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Resilience is the property of a material to absorb energy when it is deformed elastically and then, upon unloading to have this energy recovered. In other words, it is the maximum energy per volume that can be elastically stored. It is represented by the area under the curve in the elastic region in the Stress-Strain diagram.## See also

Modulus of Resilience, $U\_r$, can be calculated using the following formula: $U\_r=frac\{sigma^2\}\{2E\}=0.5sigmaepsilon=0.5\; sigma(frac\{sigma\}\{E\})$, where $sigma$ is yield stress, E is Young's modulus, and $epsilon$ is strain.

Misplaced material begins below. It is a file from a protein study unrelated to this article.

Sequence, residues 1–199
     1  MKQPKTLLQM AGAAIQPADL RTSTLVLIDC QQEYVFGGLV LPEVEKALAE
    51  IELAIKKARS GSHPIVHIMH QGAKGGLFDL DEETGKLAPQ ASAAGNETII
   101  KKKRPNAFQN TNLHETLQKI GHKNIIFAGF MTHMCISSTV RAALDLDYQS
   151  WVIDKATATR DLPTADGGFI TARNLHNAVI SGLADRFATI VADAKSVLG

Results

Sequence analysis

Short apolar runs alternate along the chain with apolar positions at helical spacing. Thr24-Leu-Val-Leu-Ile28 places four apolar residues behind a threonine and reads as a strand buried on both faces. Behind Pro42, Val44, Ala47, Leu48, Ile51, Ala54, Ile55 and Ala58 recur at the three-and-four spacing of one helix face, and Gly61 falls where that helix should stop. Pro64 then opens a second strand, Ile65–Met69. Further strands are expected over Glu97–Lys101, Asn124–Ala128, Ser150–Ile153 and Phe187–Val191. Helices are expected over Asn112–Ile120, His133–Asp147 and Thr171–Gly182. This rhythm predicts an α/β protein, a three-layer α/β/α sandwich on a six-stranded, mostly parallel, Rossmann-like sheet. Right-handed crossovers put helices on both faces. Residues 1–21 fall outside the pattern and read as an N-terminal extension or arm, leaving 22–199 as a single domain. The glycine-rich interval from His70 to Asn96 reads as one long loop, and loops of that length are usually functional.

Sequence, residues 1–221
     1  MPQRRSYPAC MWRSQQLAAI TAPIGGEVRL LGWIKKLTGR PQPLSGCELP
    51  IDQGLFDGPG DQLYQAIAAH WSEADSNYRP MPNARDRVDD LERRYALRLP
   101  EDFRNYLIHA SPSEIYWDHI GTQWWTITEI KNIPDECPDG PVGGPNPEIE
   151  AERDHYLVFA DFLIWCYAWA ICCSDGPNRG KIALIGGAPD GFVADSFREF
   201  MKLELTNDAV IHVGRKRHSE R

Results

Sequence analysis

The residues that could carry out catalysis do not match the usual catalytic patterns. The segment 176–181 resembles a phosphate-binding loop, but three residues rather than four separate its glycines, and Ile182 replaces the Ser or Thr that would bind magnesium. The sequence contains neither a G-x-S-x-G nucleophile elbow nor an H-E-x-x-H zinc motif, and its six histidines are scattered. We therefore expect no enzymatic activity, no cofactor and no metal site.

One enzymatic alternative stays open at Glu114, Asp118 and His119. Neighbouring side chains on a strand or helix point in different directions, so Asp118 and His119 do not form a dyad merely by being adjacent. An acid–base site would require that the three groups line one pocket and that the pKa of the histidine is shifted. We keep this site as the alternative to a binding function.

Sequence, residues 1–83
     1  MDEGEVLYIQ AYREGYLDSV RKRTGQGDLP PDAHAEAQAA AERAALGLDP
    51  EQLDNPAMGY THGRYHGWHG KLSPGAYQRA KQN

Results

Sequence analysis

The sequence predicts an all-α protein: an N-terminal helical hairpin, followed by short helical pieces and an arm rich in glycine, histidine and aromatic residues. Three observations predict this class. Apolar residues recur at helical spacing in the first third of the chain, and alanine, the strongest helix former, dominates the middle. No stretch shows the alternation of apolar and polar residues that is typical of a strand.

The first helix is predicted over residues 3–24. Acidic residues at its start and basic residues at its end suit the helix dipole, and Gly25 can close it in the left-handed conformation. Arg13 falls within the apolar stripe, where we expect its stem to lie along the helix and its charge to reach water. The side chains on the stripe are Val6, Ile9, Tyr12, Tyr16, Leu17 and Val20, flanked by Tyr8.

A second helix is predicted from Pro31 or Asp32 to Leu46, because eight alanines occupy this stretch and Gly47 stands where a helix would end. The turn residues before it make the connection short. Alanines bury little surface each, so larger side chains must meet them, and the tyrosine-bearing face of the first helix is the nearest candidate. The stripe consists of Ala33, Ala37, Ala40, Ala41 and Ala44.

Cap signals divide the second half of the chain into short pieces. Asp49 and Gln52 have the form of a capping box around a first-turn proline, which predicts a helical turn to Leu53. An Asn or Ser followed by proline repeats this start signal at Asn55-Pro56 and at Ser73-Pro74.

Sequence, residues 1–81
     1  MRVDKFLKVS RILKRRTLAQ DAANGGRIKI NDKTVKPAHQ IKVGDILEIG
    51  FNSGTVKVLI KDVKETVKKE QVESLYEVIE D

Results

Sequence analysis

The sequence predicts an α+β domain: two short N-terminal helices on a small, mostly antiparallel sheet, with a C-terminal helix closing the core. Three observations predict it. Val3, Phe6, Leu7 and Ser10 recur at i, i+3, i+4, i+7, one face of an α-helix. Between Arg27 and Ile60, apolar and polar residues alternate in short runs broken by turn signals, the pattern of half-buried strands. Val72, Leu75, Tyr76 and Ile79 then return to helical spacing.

An example of a biomaterial which has a high resilience is articular cartilage, the substance lining the ends of bones in articulating joints such as the knee and hip.

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Last updated on Friday September 26, 2008 at 17:55:49 PDT (GMT -0700)

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This article is licensed under the GNU Free Documentation License.

Last updated on Friday September 26, 2008 at 17:55:49 PDT (GMT -0700)

View this article at Wikipedia.org - Edit this article at Wikipedia.org - Donate to the Wikimedia Foundation

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